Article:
Shirley brought that calling into everything she did, from work in her sorority Alpha Kappa Alpha Sorority, Inc. (Gamma Omega Chapter) to her frequent seminars and business endeavors. Through one of her recent business ventures Success Seekers, LLC (a motivational/educational consulting firm), she developed Project RISE (Raising Individual’s Success Expectancy) to focus on increasing achievement levels and educational success for students of various ages.
“She has inspired so many people to think on the positive side. You could not discuss negativity with her. There was no room for that,” Bradford said.
“Many of the things that she taught, I’ve used to stay strong in what I do. I miss her so much already. Even in her period of illness, she still tried to inspire others to go forward.”
Bradford said the happiest times of Shirley’s life were when she was in the pulpit declaring the Word. Gregory said she could deliver a prayer better than anyone he had ever seen.
St. Louis gospel icon Merdean Fielding Gales, who worked for Fox 2 News for 18 years, would interview Shirley as a columnist, especially when talking about youth issues.
Gales remembers walking down the hall at Fox News one day, and Shirley turned to her and said that the Lord was speaking through her. “Shirley told me, ‘I feel you have a deeper spiritual connection than you’ve dreamed of. I see you traveling,’” Gales said.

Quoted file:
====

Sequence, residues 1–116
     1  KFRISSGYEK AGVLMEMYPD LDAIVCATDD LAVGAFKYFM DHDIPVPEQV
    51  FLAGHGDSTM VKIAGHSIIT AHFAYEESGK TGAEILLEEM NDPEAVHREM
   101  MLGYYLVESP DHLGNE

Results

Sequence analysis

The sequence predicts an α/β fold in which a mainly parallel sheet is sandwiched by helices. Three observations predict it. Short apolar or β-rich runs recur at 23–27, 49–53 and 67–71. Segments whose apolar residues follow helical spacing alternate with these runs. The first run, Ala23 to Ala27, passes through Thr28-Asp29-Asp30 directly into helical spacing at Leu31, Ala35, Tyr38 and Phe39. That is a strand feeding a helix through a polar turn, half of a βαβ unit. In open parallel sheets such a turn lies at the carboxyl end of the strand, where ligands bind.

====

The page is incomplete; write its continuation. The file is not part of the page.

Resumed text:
Sure enough, Gales became a co-host of the Bobby Jones Gospel Hour which airs on Black Entertainment Television and has been traveling continuously for the past 15 years on at least three continents.
“Shirley predicted this 20 years ago,” Gales said.
Gales also remembers that there was never a conversation when Shirley didn’t talk about her family, especially her sons.
Darwin remembers, “She would always kiss me on my lips and look in my eyes and say, ‘You are my special child.’ I won’t hear those things again, except for spiritually. Right now, she’s all around me.”
Look for additional memories of Shirley in her column space in future editions of the paper while we recruit inspirational columnists.